Michey Rathbun: Amaryllis: A Winter Wonder

Published: 12-08-2016 2:54 PM

We’re entering that dark cold part of the year, when color drains from the landscape and we yearn for some bright growing things.

A terrific way to enliven the winter months is to pot up some amaryllis bulbs. At first sight, the large, knobby bulbs don’t look very promising. But with proper care and a little patience, their spectacular blooms will surprise and delight you.

Amaryllis originated in the tropical areas of South America; their botanical name is Hippeastrum. There are single bloom and double bloom varieties in every imaginable shade and combination of white, pale green, pink, salmon, orange and red.

Some, like Ambience, have striped flowers; Picotee has blooms that are one color edged with another. Hotlips has brilliant red petals splashed with white. Naranja is a deep orange with a darker throat. There are exotic amaryllis, including Cybister Emerald, Evergreen and La Paz, whose skinny petals give the flowers a delicate, spidery appearance.

Garden stores and nursery catalogs offer an abundant range of possibilities. The hardest thing about amaryllis may be choosing just a few.

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It’s too late to start an amaryllis now that will bloom in time for Christmas. But the need for warm color stretches well beyond the holiday season. I like to stagger them so that the bulbs send out flower shoots at different times.

Amaryllis are a cinch to grow. If you don’t plant the bulb immediately, store it in a cool place, 40-50 degrees. Give the bulb a head start by soaking the roots and base in warm water for a few hours before potting. Then, place the bulb in a pot that’s snug, about an inch in diameter bigger than the bulb at its widest point. Use a potting medium high in organic matter. Garden soil is too dense and will not drain properly. Press the soil lightly but firmly in place around the bulb, leaving about of the bulb sticking out above the soil. Make sure there’s at least an inch of potting soil under the base of the bulb so the roots have room to develop. Water the bulb thoroughly, and then water sparingly until a couple of inches of growth emerges.

Amaryllis enjoy warmth; an ambient temperature of 68-70 is ideal. To encourage the bulb to send up growth, you can set it above a radiator. I am fortunate to have radiant heat in the floor, so I place my pots on the floor in front of a sunny window. I have also placed pots on heating pads.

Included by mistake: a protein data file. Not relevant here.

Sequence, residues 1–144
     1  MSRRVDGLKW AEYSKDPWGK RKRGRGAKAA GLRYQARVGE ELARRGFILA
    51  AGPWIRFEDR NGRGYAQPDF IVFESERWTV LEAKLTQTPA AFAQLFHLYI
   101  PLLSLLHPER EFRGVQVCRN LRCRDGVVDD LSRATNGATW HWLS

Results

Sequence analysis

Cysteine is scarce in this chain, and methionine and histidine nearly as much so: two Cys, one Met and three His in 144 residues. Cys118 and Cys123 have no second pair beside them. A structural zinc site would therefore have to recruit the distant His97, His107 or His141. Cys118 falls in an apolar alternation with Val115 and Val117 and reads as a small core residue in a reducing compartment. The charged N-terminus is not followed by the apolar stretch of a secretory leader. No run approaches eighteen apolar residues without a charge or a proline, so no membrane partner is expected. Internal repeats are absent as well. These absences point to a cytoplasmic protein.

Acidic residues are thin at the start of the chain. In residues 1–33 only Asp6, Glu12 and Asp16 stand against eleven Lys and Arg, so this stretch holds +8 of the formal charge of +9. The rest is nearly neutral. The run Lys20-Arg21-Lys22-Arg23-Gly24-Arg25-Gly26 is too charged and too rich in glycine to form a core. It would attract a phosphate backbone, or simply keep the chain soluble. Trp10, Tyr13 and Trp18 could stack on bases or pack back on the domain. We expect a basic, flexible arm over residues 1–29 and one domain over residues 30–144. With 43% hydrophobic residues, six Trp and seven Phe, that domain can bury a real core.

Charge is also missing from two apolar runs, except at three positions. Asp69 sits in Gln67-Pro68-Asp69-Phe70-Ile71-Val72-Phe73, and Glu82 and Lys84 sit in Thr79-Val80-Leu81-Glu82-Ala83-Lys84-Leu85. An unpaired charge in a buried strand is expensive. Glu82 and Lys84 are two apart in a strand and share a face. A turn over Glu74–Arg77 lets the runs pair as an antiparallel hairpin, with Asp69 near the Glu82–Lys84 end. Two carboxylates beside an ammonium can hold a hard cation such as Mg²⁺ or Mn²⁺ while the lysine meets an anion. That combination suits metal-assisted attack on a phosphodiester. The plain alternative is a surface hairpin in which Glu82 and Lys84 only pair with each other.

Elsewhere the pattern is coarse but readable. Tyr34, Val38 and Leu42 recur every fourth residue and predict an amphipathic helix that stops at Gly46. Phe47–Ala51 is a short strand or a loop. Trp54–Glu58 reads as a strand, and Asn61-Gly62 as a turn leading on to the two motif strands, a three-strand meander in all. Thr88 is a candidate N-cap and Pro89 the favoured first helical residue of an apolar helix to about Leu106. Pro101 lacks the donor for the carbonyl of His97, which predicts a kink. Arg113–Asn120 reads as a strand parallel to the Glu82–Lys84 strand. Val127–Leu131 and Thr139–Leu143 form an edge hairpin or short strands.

When growth begins, gradually increase watering. It’s a good idea to rotate the pot every few days so the stem grows straight. Amaryllis generally take between seven and 10 weeks to flower. To prolong the blooming period, keep them out of direct sunlight. Depending on the size of the blooms and the height of the stem, amaryllis may need staking. A pea stake or any other sturdy, skinny stick will do. You can use unobtrusive garden string, but I think a colorful ribbon is nice, if you have any left over from holiday wrappings.

Last year I experimented with keeping my spent bulbs alive through the summer, feeding and watering them to encourage the green growth necessary to replenish the bulb’s flower power. Of the five bulbs I started with, one failed to thrive and ended up in the compost bin. I did my best to remember to feed and water the others, and they kept their bright green leaves till fall, despite my occasional lapses. These bulbs are now repotted and I’m crossing my fingers that I’ll be rewarded with new blooms. I’ll report back in a few months; depending on the results, I hope to give new and improved advice on keeping amaryllis for subsequent seasons of bloom.

Emily Dickinson’s Birthday Open House

As many Dickinson fans know, the poet was a devoted gardener. This year, Dickinson’s 186th birthday, Dec. 10, coincides with the restoration of the Homestead conservatory.

The Emily Dickinson Museum is celebrating these events with an Open House Saturday from 1 to 4 p.m. Visitors may tour the Homestead at their leisure and will to be among the first to see the restored conservatory. There will be free, guided 20-minute tours of the Evergreens, the home of Dickinson’s brother Austin, next door to the Homestead. Visitors will be able to hear Dickinson’s poems inspired by her experience with the natural world. They are also invited to decorate a miniature pot with words and images and plant them with seeds from Dickinson’s garden.

Coconut cake made from Dickinson’s own recipe will be served. The public is welcome; no fee or reservation is required.

Mickey Rathbun can be reached at foxglover8@gmail.com.

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